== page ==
Tuesday, June 20, 2017

Senate Committee Report on Combatting Delays in the Justice System

Last week, the Senate Committee on Legal and Constitutional Affairs released a comprehensive report on how to reduce the strain on Canada's clogged courtrooms.


"Canada’s criminal justice system is in urgent need of reform. Delays in criminal proceedings have become a significant problem as it takes too long for many criminal cases to reach a final disposition. Lengthy trials and multiple adjournments are particularly hard on victims and their families, as well as on accused persons, whose stress can be worsened as the time between the laying of charges and the end of the trial stretches out month after month. When these delays become very lengthy, courts may find that the accused’s constitutional right to a trial within a reasonable time (as guaranteed by section 11(b) of the Canadian Charter of Rights and Freedoms) has been breached. If this happens, the only judicial remedy available in Canada is an order for a stay of proceedings, which ends the process without a completed trial on the merits of the case (...) "
"During the committee’s study, it became clear that the causes and effects of delays are many and varied. The Supreme Court has already identified that a primary cause is a culture of complacency that has permitted unnecessary procedures and adjournments, inefficient practices, and inadequate institutional resources to become accepted as the norm. Several witnesses cautioned the committee that there would be no one simple, quick fix to solve the delays crisis. There are broad, systemic changes needed, and smaller, more targeted reforms that will also help. Many agreed that what is needed most is a cultural shift among justice system participants that moves them away from complacency and towards efficiency, cooperation and fairness (...)"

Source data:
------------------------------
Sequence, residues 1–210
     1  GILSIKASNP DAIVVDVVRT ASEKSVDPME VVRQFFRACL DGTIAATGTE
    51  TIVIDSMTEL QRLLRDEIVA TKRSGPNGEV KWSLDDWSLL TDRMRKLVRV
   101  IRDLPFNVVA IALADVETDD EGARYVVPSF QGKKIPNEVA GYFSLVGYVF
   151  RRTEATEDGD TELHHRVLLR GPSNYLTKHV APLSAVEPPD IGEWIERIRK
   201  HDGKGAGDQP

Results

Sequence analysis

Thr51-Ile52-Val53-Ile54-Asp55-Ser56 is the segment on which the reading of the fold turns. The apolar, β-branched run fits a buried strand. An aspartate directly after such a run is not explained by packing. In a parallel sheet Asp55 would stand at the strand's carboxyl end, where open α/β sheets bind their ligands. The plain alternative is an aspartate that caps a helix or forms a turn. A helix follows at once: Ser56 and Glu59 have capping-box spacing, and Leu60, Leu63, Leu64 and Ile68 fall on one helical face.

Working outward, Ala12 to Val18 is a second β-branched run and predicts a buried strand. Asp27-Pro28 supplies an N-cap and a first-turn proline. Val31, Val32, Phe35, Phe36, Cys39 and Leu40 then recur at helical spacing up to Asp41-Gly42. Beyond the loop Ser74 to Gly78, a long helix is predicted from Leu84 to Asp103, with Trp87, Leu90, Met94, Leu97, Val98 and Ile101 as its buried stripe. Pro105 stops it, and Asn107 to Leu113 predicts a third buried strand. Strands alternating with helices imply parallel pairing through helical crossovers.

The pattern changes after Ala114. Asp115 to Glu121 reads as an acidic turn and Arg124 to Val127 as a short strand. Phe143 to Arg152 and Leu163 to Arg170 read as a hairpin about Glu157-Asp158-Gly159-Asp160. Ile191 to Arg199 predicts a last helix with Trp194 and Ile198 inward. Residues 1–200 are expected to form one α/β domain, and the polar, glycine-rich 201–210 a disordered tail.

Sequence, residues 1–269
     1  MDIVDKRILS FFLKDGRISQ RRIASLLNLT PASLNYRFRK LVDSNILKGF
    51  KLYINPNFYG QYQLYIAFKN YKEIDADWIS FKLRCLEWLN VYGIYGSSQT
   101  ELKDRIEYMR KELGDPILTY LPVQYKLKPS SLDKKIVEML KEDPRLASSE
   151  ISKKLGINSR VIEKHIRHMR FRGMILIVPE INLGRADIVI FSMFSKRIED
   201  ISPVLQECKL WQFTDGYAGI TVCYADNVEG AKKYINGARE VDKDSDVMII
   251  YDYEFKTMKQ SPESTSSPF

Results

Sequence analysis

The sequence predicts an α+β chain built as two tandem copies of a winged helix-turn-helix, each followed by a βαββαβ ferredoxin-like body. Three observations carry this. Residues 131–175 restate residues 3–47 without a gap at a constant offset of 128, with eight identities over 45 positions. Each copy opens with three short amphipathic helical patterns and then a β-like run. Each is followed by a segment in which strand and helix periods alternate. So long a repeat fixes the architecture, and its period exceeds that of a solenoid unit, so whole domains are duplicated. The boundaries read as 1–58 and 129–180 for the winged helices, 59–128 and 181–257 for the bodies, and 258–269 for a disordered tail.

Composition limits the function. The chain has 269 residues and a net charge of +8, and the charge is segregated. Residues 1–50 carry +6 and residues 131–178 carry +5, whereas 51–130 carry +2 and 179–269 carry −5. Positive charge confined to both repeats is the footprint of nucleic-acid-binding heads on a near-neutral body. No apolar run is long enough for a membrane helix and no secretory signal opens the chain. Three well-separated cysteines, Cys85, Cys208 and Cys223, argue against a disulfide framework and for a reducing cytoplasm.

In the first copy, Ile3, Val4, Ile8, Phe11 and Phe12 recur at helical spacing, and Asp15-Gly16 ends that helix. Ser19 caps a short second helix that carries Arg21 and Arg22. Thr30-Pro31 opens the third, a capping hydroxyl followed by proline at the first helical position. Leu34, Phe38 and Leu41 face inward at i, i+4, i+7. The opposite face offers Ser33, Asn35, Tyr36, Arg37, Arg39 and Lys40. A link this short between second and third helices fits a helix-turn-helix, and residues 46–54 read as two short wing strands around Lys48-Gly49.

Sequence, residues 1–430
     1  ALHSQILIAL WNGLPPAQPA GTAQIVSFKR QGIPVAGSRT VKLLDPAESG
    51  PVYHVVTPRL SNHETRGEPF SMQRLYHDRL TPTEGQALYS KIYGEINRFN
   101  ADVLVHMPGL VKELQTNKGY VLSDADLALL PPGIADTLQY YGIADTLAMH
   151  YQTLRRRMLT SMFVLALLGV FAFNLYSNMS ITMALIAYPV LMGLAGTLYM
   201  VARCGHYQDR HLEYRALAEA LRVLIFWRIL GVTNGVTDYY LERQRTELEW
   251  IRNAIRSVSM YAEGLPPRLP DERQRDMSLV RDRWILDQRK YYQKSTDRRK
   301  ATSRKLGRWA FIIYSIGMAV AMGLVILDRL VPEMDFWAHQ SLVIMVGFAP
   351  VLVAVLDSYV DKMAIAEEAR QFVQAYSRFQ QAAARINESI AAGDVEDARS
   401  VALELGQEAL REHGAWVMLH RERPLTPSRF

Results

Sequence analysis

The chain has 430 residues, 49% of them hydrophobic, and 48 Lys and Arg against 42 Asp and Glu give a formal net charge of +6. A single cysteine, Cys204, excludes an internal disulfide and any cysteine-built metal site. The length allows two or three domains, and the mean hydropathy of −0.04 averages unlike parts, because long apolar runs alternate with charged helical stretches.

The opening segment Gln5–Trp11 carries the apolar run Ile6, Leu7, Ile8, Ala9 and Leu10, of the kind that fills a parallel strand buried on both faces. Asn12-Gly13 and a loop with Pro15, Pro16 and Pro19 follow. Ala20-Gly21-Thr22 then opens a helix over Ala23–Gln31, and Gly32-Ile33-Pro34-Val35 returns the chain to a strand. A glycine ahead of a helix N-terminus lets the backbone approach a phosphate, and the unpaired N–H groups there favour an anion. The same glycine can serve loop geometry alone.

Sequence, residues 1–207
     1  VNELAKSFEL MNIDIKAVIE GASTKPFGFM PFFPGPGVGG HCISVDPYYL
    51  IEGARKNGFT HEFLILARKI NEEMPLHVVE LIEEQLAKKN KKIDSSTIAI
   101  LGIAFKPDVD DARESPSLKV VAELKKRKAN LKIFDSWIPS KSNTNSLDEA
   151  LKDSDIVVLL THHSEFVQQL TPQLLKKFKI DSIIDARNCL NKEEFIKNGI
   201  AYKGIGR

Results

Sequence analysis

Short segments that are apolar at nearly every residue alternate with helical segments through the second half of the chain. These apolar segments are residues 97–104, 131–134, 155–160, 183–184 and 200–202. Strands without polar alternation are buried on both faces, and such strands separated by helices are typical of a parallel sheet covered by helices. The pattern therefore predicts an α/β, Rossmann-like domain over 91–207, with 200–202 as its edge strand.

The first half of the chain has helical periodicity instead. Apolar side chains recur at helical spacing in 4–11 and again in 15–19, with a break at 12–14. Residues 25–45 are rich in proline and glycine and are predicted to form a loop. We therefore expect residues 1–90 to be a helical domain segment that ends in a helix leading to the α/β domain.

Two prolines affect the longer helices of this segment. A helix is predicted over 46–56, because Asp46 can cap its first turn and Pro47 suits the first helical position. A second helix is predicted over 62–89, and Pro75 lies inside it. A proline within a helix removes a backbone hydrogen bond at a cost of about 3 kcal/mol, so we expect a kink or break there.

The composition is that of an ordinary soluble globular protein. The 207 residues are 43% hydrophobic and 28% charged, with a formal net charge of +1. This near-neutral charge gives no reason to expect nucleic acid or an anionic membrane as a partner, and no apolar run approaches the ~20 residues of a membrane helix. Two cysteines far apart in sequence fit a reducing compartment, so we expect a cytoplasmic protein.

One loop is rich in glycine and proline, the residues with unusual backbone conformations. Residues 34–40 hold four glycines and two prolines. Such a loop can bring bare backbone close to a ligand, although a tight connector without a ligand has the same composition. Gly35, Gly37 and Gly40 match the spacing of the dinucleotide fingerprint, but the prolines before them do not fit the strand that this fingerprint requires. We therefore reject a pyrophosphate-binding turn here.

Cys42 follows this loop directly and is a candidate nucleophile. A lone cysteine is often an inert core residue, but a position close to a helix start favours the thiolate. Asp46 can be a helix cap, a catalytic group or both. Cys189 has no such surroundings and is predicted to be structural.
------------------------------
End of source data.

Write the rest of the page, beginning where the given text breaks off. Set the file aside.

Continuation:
The report includes 50 recommendations, of which 13 have been identified as priorities. Among them:
  • alternative remedies for dealing with delays aside from a stay of proceedings should be added to the Criminal Code in order to create more just outcomes and permit greater flexibility in dealing with delays
  • the Criminal Code should be amended to provide greater opportunity for procedural matters that take up valuable court time and judicial resources to be handled by other judicial officers
  • the court system should restrict or perhaps eliminate preliminary inquiries
  • the Justice minister should prioritize implementing the recommendations made in the Truth and Reconciliation Commission of Canada’s report on the legacy of the Indian Residential Schools that pertain to justice matters in order to address the unacceptably high number of Indigenous accused persons and offenders in our criminal justice system
  • the Justice minister should coordinate a Canada-wide strategy to ensure that adequate health-related services and alternative measures are in place within the justice system to serve, treat and rehabilitate persons with mental illnesses, including addictions
  • the Justice minister work with the provinces to find better ways of dealing with certain offences that are taking up too much court time. This includes administration of justice offences that represent 23 per cent of cases completed in adult criminal court (breaches of release conditions or failure to appear in court). Steps must be taken to ensure that the conditions imposed on accused persons are appropriate and related to the original charges, and to reduce the impact these proceedings are having on delays. Impaired driving offences represent about ten percent of the most common offences tried in court. Provincial schemes to deal with drivers with lower levels of blood alcohol concentration through administrative penalties (instead of criminal sanction) show promise in reducing the demands on our court system

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posted by Michel-Adrien at 4:04 pm

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